GtPGKogPYT4p61R1biicqBXsUzo" /> Google+ Book Review: Mother of Frankenstein: Maria: or, The Wrongs of Woman & Memoirs of the Author of A Vindication of the Rights of Woman | I Smell Sheep

Tuesday, July 13, 2021

Book Review: Mother of Frankenstein: Maria: or, The Wrongs of Woman & Memoirs of the Author of A Vindication of the Rights of Woman

by Mary Wollstonecraft (Author), William Godwin (Author), Constanza Ontaneda (Foreword)
July 12, 2021
Wordfire Classics
The Wrongs of Woman, a gothic Victorian novel, is the seminal, unfinished work by Mary Wollstonecraft, considered the Mother of Modern Feminism, while the second is her memoir, compiled by her husband.

Wollstonecraft died in agony 11 days after giving birth to Mary Shelley, who would become the author of Frankenstein. Her heartbroken husband, William Godwin, vowed to compile her memoirs and publish them along with her unfinished Victorian gothic novel in 1798.

He meant to glorify her. The opposite happened. European society made a freak of Wollstonecraft, her work and her memory. What could she have written that scandalized so much? What did Godwin reveal to incite such ire?

In The Wrongs of Woman, Maria has been separated from her infant daughter and imprisoned in an insane asylum by her husband. There, she forms an unexpected friendship with one of the female wards. Could romance follow?

Mary Wollstonecraft lived for 38 years, and changed the world. The Wrongs of Woman is considered her most radical feminist work. Republishing these works is imperative because people need and want to know whose shoulders they stand on.

In early November of 2020, a statue dedicated to Mary Wollstonecraft was unveiled in Newington Green, London, England, 223 years after her untimely death. Much press coverage followed evidence that Wollstonecraft is still relevant today.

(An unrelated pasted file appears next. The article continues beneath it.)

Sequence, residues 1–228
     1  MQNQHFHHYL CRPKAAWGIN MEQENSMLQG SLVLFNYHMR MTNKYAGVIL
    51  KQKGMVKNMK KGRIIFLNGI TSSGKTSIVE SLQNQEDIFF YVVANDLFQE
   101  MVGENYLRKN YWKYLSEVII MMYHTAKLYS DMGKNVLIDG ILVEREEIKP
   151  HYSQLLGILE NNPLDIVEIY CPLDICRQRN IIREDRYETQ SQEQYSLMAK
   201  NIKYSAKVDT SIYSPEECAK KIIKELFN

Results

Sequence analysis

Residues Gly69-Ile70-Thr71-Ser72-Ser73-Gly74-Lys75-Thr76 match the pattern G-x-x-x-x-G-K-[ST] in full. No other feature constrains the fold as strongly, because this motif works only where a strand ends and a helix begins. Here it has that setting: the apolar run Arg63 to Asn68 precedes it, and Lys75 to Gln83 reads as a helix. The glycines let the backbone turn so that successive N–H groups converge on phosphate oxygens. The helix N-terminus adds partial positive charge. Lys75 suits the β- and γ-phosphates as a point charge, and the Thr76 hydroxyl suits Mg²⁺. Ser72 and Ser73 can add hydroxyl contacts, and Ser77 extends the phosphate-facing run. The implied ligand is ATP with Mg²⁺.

“We hear her voice and trace her influence even now among the living.” — Virginia Woolf

Mary Wollstonecraft (1759—1797) was an English philosopher, writer, and feminist. She wrote her most important work, a philosophical treatise titled A Vindication of the Right of Woman, in 1792, and was writing a novelistic sequel to it, titled Maria, or The Wrongs of Woman, during her second pregnancy in 1797.

William Godwin (1756—1836) was an English political philosopher, journalist, and writer.

Constanza Ontaneda is a teacher and entrepreneur. She has an MA in Latin American and Caribbean Studies from New York University and an MA in Publishing from Western Colorado University’s Graduate Program in Creative Writing.

I received a copy of this book for review and I’m so glad for it!

If Mary Shelley’s Frankenstein blew my mind, Mary Wollstonecraft’s book left me astounded! While they may not have had the same objective in mind when writing their amazing novels, both mother and daughter were made from the same stuff. Shelley’s authoritative stance on how science — or rather going against god — had the same flavor as Wollstonecraft’s belief that her protagonist was only in dire straits because of her gender.

I just cannot imagine how ahead of their times they both were. While Wollstonecraft’s life is a who’s who of the big players of her time, Shelley imbibed the ideas they spouted with her mother’s milk.

To keep from turning this review into my fangirling about the two Marys, I’ll say one slightly negative but true thing about Maria. Wollstonecraft may have been a great nonfiction writer but penning down an honest-to-god Gothic novel like, say, Wuthering Heights, wasn’t her forte. However, we should keep in mind that it was in its final form before she passed away. So, maybe that would have made a difference. Who knows!

Regarding the Memoirs, they were written down by Wollstonecraft’s husband, Godwin. You can see how besotted he had been with his wife as you read it. Now, while that could have kept him from giving us the whole truth, it’s easy to see that wasn’t the case. The simple way with which he describes his wife paying off her father’s debts, supporting him financially, setting up her brothers in good positions and jobs, ensuring that her sisters had jobs and inheritances to fall back on and such show that Wollstonecraft was as extraordinary as he imagined her to be. Sure, his constant praise can take a toll on the reader but I still came away knowing more about Mary Shelley’s mom than I did before.

With an interesting foreword, this book was one of my favorite reads of the month. 

4 sheep

Reviewer: Midu Reads
Most of my go-to series are 3 starrers
*No rating - wasn't my genre/dnf'd so rating it would be unfair
1 sheep - won't be picking up another book in a series  again
2 sheep - average read with overused tropes and cliches. Will give the author another try/only continuing because of OCD, so must finish a series
2.5 sheep - liked the book but was put off because it was overly long/illtreatment of a character the author had me invest in and so on.
3 sheep - enjoyed the book but have reservations because I expected to be wowed and wasn't
4 sheep - was unputdownable
5 sheep - formed an emotional connection, will read the heck outta this series

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